Most of the time TB is treated for six to nine months. Some types of TB need to be treated even longer. It is very important that people with TB not stop their treatment before this time even if they are feeling better. TB that is not treated long enough can come back. When the TB returns, it may be harder to treat.

If you have HIV, is it easier to get sick with TB?
It is much easier for people with HIV infection to get sick from TB. However, if you have HIV, your doctor can help prevent you from getting TB by performing frequent TB skin tests and treating you with INH if you test positive.

What are the common side effects of anti TB drugs and how to manage them?
The common side effects while on anti TB drugs are Nausea, vomiting, headache, joint pains, vision disturbance . Many of these side effects are mild, if so you need not worry as they are transitory as one's body gets accustomed to the drugs. In case they are of a severe nature do consult your doctor.



1997-98 3700 2916 78.8 N.R. 443 - 1300 1999 153.8
1998-99 7275 9764 134.2 243 402 165.4 655 2015 307.6
1999-00 2455 8676 353.4 250 472 188.8 660 1970 298.5
2000-01 2800 6764 241.6 280 471 168.2 757 1811 239.2
2001-2002 2750 6883 250.3 275 511 185.8 740 1568 211.9

N.B:- From 1999 onwards, Target of sputum examination was set for number of symptomatic patient instead of total no. of samples examined.
Source : T.B. Cell, H & F.W. Department.

      Revised National Tuberculosis Control Programme(RNTCP) is implemented in the State since March 2002. The Objectives of RNTCP is to implement the WHO recommended strategy of DOTS( Directly Observed Treatment Short Course ) which has five principles, the most important being of treatment under direct supervision. The aim of RNTCP is to achieve cure rate of 85% and detection rate 70% of new smear positive cases per lakhs of population in the community.

       The organizational infrastructure under the RNTCP in State is as under :-

1.State Tuberculosis Cell     -     01 At State Headquarter

2.District TB Centres          -       04 at 4 districts

3.Tuberculosis Unit             -       05 at 4 districts

4. Microscopic centre         -       31 20 DMC and 21 ND-MC

5. DOT Centres                  -        586 Nos. All over the State.


Apart from the regular staff, supporting and supervisory staff are appointed on contractual basis by the State and Districts Societies. They are:-

1. Senior Tuberculosis Laboratory Supervisor - 05 in each TU

2. Senior Tuberculosis Supervisor                   - 05 in each TU

3. Data Entry Operator                                   - 04 in each TU

4. Driver                                                        - 04 in each TU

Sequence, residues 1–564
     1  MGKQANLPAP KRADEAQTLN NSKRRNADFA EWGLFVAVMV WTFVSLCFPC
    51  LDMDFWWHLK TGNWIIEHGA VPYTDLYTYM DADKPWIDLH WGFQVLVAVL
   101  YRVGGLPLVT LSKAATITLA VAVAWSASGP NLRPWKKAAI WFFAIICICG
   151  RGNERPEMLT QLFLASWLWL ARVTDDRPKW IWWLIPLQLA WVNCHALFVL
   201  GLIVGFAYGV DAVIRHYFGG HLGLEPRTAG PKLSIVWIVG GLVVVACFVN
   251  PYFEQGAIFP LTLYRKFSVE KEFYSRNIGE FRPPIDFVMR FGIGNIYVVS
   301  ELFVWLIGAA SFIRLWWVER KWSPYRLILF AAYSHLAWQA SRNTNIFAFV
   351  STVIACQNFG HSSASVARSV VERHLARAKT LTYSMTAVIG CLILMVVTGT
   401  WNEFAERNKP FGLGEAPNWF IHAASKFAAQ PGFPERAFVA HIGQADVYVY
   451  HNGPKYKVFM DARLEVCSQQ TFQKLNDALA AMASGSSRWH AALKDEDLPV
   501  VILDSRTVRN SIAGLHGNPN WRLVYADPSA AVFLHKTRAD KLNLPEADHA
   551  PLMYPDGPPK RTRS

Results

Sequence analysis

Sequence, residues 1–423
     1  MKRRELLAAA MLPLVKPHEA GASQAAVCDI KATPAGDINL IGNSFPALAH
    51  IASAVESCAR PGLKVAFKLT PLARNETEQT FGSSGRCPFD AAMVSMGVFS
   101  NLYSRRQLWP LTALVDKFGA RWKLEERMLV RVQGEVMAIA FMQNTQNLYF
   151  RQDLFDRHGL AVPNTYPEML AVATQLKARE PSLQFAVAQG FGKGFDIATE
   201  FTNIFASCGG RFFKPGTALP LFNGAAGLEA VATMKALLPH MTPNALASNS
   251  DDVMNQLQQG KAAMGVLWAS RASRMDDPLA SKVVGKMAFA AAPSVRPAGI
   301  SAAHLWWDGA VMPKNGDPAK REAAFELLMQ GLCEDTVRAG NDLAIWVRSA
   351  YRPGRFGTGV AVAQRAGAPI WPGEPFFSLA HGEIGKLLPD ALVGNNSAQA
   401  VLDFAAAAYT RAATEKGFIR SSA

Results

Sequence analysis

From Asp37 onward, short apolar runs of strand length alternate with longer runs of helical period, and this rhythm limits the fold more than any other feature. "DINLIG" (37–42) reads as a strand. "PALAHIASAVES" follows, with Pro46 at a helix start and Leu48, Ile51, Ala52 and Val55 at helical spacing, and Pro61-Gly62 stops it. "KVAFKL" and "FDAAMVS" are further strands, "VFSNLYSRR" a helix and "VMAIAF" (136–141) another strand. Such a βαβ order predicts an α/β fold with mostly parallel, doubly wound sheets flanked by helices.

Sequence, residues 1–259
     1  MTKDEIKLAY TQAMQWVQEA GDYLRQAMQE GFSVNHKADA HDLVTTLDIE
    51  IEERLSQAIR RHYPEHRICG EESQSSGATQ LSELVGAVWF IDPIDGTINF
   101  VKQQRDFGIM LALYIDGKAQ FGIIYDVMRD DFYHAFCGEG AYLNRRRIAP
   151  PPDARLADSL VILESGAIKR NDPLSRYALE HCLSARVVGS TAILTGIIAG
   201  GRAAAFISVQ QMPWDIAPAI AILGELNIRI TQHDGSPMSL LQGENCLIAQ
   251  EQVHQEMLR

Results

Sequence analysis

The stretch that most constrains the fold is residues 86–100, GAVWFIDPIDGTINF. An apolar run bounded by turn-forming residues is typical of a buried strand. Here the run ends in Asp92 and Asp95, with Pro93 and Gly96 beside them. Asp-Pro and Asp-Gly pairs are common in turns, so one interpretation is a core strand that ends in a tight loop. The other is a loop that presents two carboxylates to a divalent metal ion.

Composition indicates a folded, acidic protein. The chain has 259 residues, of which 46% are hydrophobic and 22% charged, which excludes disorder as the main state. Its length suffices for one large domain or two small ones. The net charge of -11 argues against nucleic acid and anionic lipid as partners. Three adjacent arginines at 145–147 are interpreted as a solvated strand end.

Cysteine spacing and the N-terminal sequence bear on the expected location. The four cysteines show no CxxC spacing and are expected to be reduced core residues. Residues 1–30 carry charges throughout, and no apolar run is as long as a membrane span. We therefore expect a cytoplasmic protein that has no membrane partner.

5. Medical Officer, STC                                 - 01 in State TB Cell

6. Accountants, STC                                      - 01 in State TB Cell

7. IEC Officer, STC                                       - 01 in State TB Cell

8. Secretarial Assistant                                   - In State TB Cell

RNTCP is funded through two sources

1. World Bank funds through GOI as CSS

2. State Plan fund for regular staff and establishments.

World Bank fund is provided to State through state TB Control Society and allocated to District through District Control Societies.

Expenditure- 2006-07(World Bank)

Funds are received in two installments. Once during April- May and next during Nov-December but funds are provided as always a buffer fund to meet the expenditure requirement of one quarter at any time thereby creating a pool of unspent balance at the end of each financial year.


  Opening Balance                                     -Rs. 3.60 lakhs

1st Installment- June 2006                         -Rs. 40 lakhs

2nd Installment- March 2007                     -Rs. 25 lakhs

     Total                                                    -Rs.68.6 lakhs



Allotments of Districts                                -Rs.31,42,000/-

Expenditure at STBC                                 -Rs.25,00,000/-

        Total                                                 -Rs.56,42,000/-

 Closing Balance                                        -Rs.12.18 lakhs

State plan fund 2006-07

Budget allocated                                         - 53.25 lakhs

Reappropriation                                          - 1.04 lakhs

Total                                                           - 54.29 lakhs

Expenditure                                                - 54.17 lakhs


             Case Detection Rate                   Cure Rate
Target                   70%                       85%
Achievements                 112%                       88%





Home | Schemes | Seminars | Achievements | Administration | S.T.N.M.
Hospitals | Treatment Outside Sikkim | Illness Assistance Fund | Issue of License
Birth & Death Cell | Diseases | Health Information Bulletin |
Doctors Directory | About Us | Contact Us